• Hated to leave off Brodrick Brown and E.J. Gaines, but I went with a more traditional two corners and two safeties, rather than four corners like the media's team.
  • Steven Johnson and Arthur Brown would have been right behind my three linebackers. That race was probably closer than at any other position, except maybe cornerback. Difficult to leave either of those guys off my first team, but the three on the team were better. I gave Brown my Newcomer of the Year nod, though.
  • I don't like going with three defensive ends and one defensive tackle, but there wasn't a defensive tackle who deserved the honor more than Okafor, my third defensive end. Okafor was a defensive tackle last year anyway, so that's close enough, right? He moved from tackle to end before spring practice earlier this year. In the Big 12, an additional pass rusher is necessary, too, right?
  • I made a similar move with my offensive line. Went tackle-heavy, but the guards didn't have quite as many standouts.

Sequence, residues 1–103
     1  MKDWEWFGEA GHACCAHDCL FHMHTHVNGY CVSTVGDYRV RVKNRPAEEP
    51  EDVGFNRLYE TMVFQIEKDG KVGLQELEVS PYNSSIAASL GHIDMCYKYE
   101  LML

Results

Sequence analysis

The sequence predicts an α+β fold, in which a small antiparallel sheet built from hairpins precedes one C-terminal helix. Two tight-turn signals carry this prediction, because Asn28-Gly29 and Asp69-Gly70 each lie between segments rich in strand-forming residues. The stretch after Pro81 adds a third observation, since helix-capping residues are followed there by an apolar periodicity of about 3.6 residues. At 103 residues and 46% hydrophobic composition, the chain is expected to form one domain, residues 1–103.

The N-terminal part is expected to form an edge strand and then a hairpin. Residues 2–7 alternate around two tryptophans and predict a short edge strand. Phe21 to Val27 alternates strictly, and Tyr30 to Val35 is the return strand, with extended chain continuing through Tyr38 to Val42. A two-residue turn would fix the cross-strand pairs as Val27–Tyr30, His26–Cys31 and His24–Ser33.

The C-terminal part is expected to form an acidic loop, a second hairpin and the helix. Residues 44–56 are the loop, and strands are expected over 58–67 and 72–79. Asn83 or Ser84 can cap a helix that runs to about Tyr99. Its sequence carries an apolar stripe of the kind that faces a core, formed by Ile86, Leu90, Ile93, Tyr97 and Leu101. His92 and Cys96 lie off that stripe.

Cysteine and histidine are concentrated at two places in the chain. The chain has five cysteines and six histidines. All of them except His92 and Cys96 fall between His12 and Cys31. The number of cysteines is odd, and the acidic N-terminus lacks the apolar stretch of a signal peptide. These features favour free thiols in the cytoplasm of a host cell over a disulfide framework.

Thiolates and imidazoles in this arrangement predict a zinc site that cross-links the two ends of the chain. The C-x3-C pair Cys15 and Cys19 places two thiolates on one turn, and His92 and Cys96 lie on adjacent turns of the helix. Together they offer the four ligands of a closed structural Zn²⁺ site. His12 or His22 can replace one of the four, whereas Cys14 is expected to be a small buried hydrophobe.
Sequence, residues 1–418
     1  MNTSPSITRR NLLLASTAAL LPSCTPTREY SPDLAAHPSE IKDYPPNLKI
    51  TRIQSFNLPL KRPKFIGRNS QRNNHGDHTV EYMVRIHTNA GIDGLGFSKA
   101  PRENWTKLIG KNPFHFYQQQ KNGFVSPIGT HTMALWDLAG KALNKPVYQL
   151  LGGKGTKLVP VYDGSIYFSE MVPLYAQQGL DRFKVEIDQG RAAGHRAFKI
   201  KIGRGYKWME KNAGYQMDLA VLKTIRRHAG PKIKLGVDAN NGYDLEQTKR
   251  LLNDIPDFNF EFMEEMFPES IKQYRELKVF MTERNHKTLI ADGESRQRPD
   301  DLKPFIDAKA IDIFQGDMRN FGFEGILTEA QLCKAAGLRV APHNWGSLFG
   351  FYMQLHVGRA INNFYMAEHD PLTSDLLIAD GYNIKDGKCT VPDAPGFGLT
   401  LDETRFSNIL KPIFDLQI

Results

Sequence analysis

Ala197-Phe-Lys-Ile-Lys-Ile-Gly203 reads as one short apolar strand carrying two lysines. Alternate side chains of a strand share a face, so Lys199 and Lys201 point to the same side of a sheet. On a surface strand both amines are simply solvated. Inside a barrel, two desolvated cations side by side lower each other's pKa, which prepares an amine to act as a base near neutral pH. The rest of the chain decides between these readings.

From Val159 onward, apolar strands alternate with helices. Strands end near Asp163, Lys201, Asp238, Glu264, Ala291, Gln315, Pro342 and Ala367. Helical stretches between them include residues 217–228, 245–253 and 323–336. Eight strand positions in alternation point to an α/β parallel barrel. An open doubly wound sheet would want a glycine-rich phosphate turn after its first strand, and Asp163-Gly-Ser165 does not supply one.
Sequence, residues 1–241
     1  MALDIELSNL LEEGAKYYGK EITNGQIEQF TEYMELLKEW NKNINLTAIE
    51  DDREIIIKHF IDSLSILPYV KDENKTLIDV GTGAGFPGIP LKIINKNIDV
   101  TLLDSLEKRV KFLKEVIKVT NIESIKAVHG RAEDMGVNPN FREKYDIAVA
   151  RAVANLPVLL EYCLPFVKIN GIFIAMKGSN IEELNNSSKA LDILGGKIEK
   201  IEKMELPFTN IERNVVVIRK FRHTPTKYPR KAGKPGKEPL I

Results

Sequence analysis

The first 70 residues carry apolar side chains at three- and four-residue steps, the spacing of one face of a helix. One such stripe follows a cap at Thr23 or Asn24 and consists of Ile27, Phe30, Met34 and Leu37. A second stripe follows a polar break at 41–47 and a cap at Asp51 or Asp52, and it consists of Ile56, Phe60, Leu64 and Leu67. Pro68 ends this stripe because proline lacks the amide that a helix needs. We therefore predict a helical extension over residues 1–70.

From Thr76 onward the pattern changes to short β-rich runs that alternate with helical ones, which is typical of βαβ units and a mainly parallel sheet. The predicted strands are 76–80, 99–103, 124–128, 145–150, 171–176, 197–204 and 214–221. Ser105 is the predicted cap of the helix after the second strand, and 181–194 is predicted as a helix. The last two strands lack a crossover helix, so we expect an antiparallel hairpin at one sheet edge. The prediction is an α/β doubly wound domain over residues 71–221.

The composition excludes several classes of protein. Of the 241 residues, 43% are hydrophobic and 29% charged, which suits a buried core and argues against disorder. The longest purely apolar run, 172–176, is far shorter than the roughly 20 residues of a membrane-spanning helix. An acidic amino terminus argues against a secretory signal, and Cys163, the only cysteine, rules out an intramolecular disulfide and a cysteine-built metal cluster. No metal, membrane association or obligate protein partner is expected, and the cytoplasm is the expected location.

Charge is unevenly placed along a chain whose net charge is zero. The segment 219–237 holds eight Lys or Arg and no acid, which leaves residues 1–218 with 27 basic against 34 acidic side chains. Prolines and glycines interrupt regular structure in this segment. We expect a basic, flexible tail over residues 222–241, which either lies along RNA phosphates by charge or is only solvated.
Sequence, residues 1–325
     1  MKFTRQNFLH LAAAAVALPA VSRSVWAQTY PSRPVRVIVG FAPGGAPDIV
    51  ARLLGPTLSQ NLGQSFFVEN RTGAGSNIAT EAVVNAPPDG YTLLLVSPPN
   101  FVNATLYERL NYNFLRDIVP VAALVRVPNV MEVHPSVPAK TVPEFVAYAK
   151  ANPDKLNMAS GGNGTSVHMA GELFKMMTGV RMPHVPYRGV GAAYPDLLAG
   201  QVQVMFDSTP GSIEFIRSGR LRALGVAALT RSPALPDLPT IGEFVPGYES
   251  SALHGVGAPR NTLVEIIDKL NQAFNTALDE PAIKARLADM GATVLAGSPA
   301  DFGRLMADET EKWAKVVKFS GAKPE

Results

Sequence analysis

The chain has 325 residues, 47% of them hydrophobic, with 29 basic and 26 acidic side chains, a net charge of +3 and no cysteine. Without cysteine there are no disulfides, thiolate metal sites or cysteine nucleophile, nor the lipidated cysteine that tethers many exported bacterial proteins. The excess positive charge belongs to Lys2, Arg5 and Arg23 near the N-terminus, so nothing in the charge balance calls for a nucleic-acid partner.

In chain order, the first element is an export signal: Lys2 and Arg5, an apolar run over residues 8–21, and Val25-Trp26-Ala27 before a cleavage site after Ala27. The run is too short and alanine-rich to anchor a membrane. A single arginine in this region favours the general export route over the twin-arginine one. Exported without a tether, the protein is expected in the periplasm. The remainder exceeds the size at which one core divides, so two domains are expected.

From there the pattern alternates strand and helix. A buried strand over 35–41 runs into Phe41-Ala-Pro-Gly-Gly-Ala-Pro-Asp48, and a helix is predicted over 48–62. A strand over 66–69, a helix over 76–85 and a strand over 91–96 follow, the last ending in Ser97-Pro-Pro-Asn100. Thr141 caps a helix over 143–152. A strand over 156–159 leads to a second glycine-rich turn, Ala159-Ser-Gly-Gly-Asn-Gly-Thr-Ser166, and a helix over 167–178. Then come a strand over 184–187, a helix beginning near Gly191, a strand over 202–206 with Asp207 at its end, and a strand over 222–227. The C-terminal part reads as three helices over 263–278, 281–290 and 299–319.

Missouri entered today's game against Iowa State as one of just two teams under .500 and losers of three of its past four games.

The Tigers needed a win.

Iowa State hasn't stopped them.

The Tigers lead, 31-10, at halftime. That's made even more impressive considering the Tigers are losing the turnover battle, 3-2, and one of those went for a 78-yard touchdown from A.J. Klein off an interception of Tigers quarterback James Franklin.

Franklin is 11-of-16 for 181 yards and a touchdown with two interceptions.

The Tigers led 28-3 early in the second quarter and have held up despite the turnovers.

At home, with bowl eligibility looking like no guarantee for either team, Missouri has answered the call.